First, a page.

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Therap Adv Gastroenterol. 2011 May;4(3):177-84. doi: 10.1177/1756283X11398736.

Diagnosis and management of iron deficiency anemia in the 21st century.

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Baylor College of Medicine, Houston, Texas, USA.


Iron deficiency is the single most prevalent nutritional deficiency worldwide. It accounts for anemia in 5% of American women and 2% of American men. The goal of this review article is to assist practitioners in understanding the physiology of iron metabolism and to aid in accurately diagnosing iron deficiency anemia. The current first line of therapy for patients with iron deficiency anemia is oral iron supplementation. Oral supplementation is cheap, safe, and effective at correcting iron deficiency anemia; however, it is not tolerated by some patients and in a subset of patients it is insufficient. Patients in whom the gastrointestinal blood loss exceeds the intestinal ability to absorb iron (e.g. intestinal angiodysplasia) may develop iron deficiency anemia refractory to oral iron supplementation. This population of patients proves to be the most challenging to manage. Historically, these patients have required numerous and frequent blood transfusions and suffer end-organ damage resultant from their refractory anemia. Intravenous iron supplementation fell out of favor secondary to the presence of infrequent but serious side effects. Newer and safer intravenous iron preparations are now available and are likely currently underutilized. This article discusses the possible use of intravenous iron supplementation in the management of patients with severe iron deficiency anemia and those who have failed oral iron supplementation.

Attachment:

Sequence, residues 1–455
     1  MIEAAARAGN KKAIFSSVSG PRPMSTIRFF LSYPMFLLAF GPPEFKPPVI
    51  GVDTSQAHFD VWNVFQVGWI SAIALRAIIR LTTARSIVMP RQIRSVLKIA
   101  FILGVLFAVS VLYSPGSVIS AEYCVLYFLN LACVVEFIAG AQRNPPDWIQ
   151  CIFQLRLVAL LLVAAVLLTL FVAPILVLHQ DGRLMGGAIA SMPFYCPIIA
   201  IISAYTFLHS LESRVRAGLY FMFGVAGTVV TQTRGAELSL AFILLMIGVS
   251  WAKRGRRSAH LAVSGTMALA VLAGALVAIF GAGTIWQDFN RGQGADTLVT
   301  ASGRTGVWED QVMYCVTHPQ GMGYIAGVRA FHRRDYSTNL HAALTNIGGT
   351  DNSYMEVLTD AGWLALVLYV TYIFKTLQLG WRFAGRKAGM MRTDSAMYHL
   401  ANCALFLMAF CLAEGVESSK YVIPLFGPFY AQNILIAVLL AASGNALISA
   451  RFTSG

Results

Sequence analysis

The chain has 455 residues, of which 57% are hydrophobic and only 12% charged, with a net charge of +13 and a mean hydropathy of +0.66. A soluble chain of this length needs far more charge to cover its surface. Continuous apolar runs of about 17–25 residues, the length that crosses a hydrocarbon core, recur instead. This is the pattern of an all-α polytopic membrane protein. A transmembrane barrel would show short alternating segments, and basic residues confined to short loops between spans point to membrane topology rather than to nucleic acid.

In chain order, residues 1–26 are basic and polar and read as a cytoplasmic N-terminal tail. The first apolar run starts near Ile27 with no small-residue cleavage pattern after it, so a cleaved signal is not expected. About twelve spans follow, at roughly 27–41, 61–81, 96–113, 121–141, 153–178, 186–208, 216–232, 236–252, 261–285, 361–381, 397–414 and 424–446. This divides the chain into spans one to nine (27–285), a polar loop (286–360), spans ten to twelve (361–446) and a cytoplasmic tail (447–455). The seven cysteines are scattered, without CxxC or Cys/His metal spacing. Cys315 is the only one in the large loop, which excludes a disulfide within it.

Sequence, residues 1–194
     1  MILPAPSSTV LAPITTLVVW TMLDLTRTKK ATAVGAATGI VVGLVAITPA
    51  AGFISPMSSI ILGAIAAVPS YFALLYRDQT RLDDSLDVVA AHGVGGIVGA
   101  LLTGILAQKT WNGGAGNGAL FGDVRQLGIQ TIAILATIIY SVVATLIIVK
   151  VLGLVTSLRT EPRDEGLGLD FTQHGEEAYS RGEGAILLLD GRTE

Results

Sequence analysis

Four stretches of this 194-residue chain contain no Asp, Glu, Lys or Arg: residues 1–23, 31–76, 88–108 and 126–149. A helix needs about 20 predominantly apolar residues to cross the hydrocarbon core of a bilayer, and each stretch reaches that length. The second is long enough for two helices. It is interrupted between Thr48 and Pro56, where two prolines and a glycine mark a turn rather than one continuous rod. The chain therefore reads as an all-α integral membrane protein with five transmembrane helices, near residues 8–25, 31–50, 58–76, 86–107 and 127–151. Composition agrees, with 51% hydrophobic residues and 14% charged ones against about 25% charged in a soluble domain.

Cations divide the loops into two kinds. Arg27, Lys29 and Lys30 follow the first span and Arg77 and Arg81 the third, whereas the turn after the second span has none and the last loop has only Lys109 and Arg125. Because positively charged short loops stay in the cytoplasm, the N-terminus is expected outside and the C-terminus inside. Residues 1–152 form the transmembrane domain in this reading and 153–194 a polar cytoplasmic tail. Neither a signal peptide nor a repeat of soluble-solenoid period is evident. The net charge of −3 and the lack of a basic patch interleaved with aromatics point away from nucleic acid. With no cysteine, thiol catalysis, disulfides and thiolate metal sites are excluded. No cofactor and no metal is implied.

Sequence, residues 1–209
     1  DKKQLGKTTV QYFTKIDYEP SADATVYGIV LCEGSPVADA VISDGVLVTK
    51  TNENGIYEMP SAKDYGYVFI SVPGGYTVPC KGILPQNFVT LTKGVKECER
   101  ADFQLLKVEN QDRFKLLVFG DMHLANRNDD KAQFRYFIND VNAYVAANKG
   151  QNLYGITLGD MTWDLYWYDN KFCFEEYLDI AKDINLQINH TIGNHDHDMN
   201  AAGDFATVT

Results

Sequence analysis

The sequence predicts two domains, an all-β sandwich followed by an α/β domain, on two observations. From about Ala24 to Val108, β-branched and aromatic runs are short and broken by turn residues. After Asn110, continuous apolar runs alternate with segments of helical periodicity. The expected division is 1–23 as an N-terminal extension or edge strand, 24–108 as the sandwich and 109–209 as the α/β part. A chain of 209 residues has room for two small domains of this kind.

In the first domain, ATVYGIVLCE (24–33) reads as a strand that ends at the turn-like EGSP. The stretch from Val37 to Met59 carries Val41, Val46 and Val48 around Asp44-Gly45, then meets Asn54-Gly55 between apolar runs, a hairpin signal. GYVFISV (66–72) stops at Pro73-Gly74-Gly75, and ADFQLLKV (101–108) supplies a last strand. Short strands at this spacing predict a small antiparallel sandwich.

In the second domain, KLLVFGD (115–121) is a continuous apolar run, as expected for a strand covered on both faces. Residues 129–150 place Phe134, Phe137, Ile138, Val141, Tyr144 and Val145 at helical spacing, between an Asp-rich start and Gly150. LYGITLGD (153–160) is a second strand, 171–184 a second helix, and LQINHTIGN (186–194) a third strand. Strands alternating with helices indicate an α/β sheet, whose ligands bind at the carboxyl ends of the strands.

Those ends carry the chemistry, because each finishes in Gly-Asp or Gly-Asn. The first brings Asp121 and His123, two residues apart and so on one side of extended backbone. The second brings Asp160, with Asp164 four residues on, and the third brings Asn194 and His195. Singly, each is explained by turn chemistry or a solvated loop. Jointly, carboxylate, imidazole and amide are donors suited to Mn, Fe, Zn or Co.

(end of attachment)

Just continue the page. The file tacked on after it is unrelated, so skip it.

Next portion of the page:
anemia; blood loss; intravenous iron; iron deficiency; therapy

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